Do you have a link to the funding oil exploration thing? All I could find was the Affordable Gas Price Act, which permitted offshore exploration but I didn’t see anything about funding.

    I don’t think pay as you go is a constitutional issue. In any event denying the ability to issue debt can be catastrophic at times…we never could have fought WW2 without issuing bonds, for example.

  9. john: i got my info at

    its a big site so I’ll narrow that down for you in a bit.

    and they can insert an emergency procedure in the bill…no sweat there. Pay as you go is what I have to do, no reason the government shouldn’t.

    on the abortion thing, its one or the other…not one and the same…his votes were diametrically opposite, therefore the same argument can’t cover both votes…its not a semantics issue.

  10. John says:

    I have to say, that oil funding bill looks fairly indefensible. I’d be interested to see someone ask him about it and hear his response

    I don’t agree on the abortion issue though. He is pro-life, but his position is really that the federal government should take no stance on it and leave it to the states to decide. The problem is that right now they do take a stance on it. If a bill comes along and its purpose is to change that stance, there is no option for “stop having a stance” in the vote for that bill.

    As far as pay as you go, any sort of “emergency clause” would immediately be abused to the point of making the bill toothless. We’re fighting a war on [something], after all. If I remember correctly a substantial percentage of the money the government spends is already considered “emergency” funds.

    And individuals don’t have to pay as they go either. Americans are perfectly capable of spending more than they make, and they do it with great frequency, thanks to the fed and its propensity to lower interest rates by printing money and loaning it out.

  11. responsible individuals do not incur debt they can’t pay back. i just think its a good idea if the government doesn’t either.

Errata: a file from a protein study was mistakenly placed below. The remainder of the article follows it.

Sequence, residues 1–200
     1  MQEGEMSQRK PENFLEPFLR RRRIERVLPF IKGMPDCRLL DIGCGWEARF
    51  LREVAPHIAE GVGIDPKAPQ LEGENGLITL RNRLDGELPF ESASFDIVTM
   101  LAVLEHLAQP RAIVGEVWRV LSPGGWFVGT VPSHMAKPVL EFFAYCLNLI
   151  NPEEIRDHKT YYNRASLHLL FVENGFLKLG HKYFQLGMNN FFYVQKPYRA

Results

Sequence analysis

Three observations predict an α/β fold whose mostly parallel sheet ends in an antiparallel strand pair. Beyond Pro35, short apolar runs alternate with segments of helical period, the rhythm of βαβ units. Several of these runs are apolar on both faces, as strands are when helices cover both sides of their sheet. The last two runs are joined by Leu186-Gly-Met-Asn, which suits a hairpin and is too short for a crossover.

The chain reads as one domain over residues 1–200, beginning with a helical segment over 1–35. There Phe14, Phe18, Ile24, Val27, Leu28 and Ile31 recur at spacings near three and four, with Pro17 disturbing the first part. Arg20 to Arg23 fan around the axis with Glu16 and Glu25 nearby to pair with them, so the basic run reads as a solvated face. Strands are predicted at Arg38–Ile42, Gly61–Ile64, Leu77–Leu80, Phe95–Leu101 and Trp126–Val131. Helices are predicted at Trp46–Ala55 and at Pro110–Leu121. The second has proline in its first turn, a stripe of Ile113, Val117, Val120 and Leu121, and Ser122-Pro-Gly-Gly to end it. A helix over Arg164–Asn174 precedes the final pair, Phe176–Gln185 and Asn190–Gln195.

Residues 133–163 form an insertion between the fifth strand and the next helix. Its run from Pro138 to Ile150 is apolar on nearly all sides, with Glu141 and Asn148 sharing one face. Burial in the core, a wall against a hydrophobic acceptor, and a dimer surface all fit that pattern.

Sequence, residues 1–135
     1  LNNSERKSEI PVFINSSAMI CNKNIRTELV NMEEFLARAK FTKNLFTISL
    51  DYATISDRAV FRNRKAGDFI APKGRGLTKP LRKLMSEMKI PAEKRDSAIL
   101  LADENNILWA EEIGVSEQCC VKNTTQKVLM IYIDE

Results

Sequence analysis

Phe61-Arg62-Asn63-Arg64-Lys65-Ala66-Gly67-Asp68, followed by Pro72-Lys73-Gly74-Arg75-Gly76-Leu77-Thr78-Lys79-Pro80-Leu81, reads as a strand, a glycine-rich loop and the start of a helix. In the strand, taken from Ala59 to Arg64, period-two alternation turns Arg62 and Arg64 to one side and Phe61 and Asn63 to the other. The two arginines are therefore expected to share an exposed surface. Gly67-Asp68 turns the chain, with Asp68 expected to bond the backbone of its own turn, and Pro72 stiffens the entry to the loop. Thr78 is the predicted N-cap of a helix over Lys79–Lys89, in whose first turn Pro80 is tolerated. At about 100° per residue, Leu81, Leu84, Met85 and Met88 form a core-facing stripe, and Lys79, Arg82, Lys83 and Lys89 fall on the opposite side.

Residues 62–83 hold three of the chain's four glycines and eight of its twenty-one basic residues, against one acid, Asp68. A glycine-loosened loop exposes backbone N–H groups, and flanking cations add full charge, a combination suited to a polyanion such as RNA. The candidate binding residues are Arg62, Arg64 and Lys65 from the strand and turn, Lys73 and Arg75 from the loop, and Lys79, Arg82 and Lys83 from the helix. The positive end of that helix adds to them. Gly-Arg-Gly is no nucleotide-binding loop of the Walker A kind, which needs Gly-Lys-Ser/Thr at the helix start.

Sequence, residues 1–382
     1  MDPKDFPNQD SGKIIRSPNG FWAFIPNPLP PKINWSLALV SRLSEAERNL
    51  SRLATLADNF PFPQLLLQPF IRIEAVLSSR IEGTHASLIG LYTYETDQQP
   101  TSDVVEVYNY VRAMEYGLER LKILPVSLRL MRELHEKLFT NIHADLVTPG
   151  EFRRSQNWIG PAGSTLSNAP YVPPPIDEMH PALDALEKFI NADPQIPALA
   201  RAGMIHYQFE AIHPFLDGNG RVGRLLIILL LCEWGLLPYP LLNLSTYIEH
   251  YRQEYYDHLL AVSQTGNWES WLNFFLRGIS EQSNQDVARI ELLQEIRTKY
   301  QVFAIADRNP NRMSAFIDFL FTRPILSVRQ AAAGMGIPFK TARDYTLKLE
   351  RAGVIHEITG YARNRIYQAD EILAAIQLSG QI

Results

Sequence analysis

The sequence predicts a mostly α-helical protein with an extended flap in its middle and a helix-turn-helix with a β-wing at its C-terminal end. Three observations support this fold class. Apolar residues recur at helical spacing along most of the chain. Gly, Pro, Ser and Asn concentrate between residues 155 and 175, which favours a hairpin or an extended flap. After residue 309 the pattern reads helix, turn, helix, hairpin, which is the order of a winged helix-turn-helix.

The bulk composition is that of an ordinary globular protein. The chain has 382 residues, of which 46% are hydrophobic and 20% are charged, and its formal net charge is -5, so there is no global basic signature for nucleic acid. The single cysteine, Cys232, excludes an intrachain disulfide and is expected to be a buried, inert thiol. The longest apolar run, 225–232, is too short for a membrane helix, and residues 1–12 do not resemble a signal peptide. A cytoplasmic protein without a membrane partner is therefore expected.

I’m fine with any position on abortion. i consider it a non-issue. But don’t say on one abortion vote its not the feds place, and then by your actions switch that position on the next.

    check out his yes votes…they tell a bit of a troubling story…the no votes not so much..

  12. JL says:

    are you referring to Bill HR 5386 when you talk about Ron Paul voting “for the government to fund off shore oil exploration?” that was the only yes vote from him in that section, and it’s very misleading because that was only one of many amendments to a bill which he ultimately voted against.

    I have been misled by these bills on a few occasions myself. On top of this irresponsible representation of that bill by vote-smart, bills often contain hidden “riders,” that are thrown in at the last minute, to sneak it by congress. for instance, the rave act within the amber alert bill which he opposed.

  13. hey JL yeah thats the one. I find it a bit disconcerting that because he votes against something in the end, that makes stuffing it with something like this ok. the fact is, on this issue, he voted yes to spend tax money on what should be a free market issue. He’s a crafty guy, and while it would be easy to pooint out the things he does that are wrong based on ethics and morals, i require some form of fact. this is fact. it’s ok to not mind, but it’s not ok to say it doesn’t matter.

    thanks forr coming by

  14. JL says:

    There were a number of amendments that were voted on prior to the final bill authorization vote. All he could do was vote to alter the bill, through the proposed amendments, so as to lessen the negative impact assuming that the final bill was passed. sometimes this means voting for the lesser of two evils, which I normally don’t condone, but this is drastically different than an election. this stuff can be very deceiving which is very unfortunate. I honestly believe that with Ron Paul as president he would work to eliminate much of this confusing bureaucracy and help to make government more transparent.

  15. JL we can give every congressperson the “lessen the negative” benefit. The way it works iis if we like them, we believe them. If we don’t, well, then they’re just a bunch of waste our money types. you happen to believe Ron. I don’t. Like it or not if a person lies a lot, you assume they are a liar.